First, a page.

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keiser31

Raymond Loewy design....

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Who knew that Raymond Loewy had a hand in the design of the paint scheme of Air Force One?

 

In May of 1962, in anticipation of a new pair of planes to serve as Air Force One, Boeing’s exterior designs for the planes— which included the typical red and orange military plane markings and type-font lettering — were released to the public. According to the New England Historical Society, Raymond Loewy, a well-known French industrial designer who had created designs for Coca-Cola, Lucky Strikes Cigarettes and Studebaker cars, made it known to a White House aide that elements of the proposed sketch were “gaudy” and “amateurish.”

When Jackie Kennedy heard that such a well-respected designer had critiqued the design of the iconic planes, she asked her husband to hire Loewy for the job.

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Ever-conscious of appearances and trends, the First Lady wanted to make sure the planes that served as a foreign country’s first impression of JFK would represent the U.S. leader well. During Loewy’s first meeting with JFK in the West Wing, he had the president sit on the floor with him as they sketched a new paint scheme, according to the book Air Force One. Kennedy, who wanted a design with less military nomenclature, changed the traditional “U.S. Air Force” markings on the side to a more neutral designation of “The United States of America.” He also added the presidential seal near the nose of the plane, and an American Flag on the tail. In order to select the best font, Loewy looked to historical U.S. documents for inspiration; when he saw the typeface of the original Declaration of Independence, he knew he had found the perfect model. Widely spaced letters in all capitals, using the font Caslon, were then applied for the lettering on the planes.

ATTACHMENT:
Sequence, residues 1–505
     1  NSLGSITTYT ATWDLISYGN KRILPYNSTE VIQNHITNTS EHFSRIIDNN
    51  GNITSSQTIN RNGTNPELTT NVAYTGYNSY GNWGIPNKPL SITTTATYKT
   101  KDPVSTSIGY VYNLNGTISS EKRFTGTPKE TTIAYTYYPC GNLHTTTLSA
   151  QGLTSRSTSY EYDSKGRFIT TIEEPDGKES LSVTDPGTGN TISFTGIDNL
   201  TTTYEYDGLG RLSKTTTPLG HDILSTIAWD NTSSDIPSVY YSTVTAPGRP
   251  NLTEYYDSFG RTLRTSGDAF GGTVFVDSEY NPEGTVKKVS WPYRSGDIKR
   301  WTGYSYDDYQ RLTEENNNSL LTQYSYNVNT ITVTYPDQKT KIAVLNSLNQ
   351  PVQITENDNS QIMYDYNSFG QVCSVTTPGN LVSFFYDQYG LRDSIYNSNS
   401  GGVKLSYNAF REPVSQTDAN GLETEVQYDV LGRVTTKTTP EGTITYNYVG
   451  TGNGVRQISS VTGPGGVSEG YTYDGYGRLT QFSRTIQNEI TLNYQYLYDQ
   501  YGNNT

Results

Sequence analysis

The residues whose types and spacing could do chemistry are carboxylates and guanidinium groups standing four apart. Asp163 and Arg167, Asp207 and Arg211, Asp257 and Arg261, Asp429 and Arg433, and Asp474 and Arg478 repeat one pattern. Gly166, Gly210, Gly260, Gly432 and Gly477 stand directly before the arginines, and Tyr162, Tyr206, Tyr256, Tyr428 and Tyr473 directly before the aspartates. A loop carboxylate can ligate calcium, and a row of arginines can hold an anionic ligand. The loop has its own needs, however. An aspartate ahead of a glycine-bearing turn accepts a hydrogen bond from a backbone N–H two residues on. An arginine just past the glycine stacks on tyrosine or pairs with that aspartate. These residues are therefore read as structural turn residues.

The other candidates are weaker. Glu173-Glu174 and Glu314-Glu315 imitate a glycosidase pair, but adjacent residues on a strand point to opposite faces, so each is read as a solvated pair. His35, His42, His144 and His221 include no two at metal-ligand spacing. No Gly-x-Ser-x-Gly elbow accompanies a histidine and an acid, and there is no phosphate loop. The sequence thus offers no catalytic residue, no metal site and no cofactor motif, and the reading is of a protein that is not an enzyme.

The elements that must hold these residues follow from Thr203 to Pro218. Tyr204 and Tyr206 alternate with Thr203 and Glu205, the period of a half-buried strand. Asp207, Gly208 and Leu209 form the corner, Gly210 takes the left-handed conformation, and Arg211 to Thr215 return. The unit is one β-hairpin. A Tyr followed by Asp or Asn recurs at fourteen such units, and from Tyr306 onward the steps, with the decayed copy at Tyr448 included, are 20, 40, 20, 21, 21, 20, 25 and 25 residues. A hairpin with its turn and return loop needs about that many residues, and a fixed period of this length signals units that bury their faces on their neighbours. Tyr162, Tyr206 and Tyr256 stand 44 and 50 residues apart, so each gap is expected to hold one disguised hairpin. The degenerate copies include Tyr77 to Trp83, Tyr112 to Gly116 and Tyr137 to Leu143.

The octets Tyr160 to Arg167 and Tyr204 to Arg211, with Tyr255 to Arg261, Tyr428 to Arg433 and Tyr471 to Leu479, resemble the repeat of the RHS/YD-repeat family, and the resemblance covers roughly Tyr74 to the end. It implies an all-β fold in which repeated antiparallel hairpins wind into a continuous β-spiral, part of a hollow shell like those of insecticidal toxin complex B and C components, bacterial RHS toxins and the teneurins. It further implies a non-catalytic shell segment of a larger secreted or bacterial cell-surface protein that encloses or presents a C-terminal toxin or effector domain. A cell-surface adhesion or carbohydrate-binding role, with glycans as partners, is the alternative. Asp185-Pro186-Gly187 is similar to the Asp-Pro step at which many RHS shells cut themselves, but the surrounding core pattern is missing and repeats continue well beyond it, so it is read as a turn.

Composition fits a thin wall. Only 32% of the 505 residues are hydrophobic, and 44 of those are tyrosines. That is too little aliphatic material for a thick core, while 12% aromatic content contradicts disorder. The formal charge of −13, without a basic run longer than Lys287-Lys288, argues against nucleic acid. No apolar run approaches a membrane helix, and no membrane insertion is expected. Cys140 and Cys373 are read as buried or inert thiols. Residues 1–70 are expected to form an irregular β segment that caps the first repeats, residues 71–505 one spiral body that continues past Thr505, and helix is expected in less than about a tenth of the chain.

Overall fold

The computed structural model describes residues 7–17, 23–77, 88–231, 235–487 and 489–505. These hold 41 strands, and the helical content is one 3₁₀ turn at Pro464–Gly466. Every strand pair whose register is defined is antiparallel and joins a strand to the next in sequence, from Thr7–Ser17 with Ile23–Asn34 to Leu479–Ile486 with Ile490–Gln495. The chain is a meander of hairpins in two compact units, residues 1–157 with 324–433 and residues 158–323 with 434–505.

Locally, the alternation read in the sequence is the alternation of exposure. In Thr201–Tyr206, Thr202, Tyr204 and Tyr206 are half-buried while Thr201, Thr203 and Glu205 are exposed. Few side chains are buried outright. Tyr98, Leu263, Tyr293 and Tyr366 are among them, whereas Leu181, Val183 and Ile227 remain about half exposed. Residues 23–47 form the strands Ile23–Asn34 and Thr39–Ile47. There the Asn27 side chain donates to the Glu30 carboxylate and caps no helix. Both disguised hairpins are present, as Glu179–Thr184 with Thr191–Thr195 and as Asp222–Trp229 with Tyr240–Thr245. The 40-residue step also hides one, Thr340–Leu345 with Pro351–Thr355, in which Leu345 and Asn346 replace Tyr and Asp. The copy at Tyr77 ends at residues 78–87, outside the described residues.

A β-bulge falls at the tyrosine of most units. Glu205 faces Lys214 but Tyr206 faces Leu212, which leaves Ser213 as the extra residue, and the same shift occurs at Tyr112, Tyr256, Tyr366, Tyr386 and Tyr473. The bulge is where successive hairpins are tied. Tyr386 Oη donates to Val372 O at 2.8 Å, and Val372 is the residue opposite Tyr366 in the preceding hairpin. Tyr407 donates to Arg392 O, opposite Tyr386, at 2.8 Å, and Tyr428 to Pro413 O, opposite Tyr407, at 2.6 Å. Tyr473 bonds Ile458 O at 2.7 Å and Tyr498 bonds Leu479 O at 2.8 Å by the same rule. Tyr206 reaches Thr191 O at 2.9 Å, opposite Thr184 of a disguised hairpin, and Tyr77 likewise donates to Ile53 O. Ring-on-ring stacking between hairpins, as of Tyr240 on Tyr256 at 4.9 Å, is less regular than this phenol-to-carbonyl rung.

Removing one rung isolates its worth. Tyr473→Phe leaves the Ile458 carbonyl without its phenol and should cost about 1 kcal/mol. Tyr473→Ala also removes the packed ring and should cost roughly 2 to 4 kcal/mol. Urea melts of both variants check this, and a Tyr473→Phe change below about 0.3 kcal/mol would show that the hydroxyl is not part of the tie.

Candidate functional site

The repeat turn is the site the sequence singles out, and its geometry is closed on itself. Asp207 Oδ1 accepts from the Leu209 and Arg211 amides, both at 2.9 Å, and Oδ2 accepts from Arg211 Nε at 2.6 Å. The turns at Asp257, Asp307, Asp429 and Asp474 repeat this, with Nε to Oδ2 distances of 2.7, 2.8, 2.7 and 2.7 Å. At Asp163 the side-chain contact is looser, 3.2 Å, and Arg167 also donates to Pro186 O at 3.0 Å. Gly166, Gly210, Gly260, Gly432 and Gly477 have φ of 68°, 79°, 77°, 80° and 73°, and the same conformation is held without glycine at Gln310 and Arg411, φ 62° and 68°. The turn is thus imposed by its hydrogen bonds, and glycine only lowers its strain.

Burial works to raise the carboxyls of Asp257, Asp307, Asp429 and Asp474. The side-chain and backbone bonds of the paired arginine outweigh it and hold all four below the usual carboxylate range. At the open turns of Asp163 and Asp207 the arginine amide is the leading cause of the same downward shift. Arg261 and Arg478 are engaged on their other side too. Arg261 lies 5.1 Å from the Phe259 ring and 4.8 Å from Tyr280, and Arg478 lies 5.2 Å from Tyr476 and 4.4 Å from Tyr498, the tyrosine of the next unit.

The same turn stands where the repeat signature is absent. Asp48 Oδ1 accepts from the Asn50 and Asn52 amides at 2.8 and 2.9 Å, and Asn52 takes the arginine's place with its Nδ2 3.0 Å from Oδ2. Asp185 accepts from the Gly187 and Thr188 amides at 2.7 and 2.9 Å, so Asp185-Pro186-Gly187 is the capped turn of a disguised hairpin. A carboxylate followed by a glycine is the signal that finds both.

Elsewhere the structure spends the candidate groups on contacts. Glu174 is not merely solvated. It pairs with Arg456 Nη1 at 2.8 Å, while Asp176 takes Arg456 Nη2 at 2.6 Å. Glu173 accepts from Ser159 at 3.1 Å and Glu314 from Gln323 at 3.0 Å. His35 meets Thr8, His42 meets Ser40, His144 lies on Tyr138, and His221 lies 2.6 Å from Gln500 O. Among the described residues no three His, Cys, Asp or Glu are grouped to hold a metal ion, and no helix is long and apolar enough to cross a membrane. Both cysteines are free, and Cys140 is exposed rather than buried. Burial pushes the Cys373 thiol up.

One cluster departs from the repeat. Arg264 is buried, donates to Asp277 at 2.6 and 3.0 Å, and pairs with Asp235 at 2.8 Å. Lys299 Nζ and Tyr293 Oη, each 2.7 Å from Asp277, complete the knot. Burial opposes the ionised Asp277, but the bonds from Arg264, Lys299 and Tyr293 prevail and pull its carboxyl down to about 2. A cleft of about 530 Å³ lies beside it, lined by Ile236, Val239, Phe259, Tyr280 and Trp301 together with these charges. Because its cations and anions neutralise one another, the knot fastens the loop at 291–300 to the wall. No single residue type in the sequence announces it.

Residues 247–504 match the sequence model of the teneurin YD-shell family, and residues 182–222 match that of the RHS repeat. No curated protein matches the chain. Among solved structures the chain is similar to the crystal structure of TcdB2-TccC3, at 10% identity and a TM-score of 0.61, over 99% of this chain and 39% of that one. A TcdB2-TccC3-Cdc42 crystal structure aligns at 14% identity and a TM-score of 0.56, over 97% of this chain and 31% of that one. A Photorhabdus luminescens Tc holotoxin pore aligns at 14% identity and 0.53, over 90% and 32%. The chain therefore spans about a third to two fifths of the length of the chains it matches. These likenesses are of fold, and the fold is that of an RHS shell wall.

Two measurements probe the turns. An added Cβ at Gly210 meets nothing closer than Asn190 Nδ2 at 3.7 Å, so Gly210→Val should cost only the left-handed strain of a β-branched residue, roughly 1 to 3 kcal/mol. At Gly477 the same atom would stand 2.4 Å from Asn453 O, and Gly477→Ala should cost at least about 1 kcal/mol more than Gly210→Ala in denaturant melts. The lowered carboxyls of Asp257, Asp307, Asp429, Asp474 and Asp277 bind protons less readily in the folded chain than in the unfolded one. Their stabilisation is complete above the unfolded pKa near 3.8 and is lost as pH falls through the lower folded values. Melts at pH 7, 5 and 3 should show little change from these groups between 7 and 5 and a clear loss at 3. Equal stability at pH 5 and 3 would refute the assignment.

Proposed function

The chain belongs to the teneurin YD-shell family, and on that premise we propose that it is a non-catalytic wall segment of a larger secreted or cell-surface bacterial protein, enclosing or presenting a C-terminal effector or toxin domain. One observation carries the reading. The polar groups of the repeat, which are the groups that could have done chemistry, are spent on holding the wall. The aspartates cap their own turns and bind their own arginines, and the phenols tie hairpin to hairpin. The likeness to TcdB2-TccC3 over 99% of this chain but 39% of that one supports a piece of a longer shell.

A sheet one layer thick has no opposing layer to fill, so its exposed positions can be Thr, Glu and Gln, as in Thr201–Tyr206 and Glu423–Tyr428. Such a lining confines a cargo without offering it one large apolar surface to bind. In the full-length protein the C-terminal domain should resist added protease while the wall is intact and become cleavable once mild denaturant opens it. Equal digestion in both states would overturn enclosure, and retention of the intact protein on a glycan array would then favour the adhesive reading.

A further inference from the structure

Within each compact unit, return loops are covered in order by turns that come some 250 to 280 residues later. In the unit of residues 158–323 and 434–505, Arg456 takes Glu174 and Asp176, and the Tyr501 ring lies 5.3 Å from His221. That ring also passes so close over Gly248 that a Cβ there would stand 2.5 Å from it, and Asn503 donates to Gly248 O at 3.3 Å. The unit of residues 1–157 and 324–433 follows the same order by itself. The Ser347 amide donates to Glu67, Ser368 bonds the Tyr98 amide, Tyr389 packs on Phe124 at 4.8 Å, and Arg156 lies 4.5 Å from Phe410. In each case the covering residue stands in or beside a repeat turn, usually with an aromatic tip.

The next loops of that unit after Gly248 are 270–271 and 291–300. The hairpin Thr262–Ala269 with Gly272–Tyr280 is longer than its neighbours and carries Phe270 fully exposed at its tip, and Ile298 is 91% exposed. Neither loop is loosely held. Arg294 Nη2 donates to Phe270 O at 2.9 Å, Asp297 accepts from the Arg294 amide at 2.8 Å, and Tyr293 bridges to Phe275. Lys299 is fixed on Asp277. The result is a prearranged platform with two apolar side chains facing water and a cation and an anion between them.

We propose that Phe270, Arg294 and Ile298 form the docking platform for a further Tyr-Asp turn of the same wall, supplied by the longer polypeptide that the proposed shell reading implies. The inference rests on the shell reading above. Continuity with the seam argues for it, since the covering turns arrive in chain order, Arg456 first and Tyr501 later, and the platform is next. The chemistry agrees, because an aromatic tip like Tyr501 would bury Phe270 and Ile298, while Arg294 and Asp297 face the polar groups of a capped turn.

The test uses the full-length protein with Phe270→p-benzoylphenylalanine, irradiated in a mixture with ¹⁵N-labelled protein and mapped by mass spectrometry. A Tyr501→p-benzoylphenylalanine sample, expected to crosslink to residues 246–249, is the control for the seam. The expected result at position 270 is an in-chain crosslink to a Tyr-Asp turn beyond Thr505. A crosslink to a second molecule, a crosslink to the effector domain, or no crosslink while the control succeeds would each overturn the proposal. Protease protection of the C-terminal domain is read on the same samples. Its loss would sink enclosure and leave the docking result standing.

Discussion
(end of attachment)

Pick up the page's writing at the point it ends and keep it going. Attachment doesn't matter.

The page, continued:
For the color palette of the aircrafts, Loewy went with a simple but striking design. Knowing Kennedy’s affinity for blue, the designer came up with the paint scheme that is now synonymous with the presidential planes, using slate and cyan blue for the middle and wings, and leaving the top of the plane white with a silver underside.

Air Force One.jpg

Edited by keiser31 (see edit history)
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I think I saw Donald comment recently that he is going to change that up in the near future with Red White and Blue.

I wasn't paying much attention back in the sixties.

Edited by JACK M (see edit history)

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Just now, JACK M said:

I think I saw Donald comment recently that he is going to change that up in the near future with Red White and Blue.

Yeah....I was hoping nobody would go there.

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Sorry bout that.

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I knew Raymond Lowey was credited with the design but had not heard the interesting back story, thanks for posting it, Todd C

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Thank you, although just a boy then I remember the time well. JFK,  Jackie and Air Force 1 were a class act

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He and his firm were responsible for so very many iconic Art Deco and Streamline Modern designs. It's a treat to take a look at his contributions from time to time. His locomotive designs are legendary, but I still can't see his name and not think of his Aerodynamic Hupmobiles. You might wish to Google Raymond Lowey designs.

 

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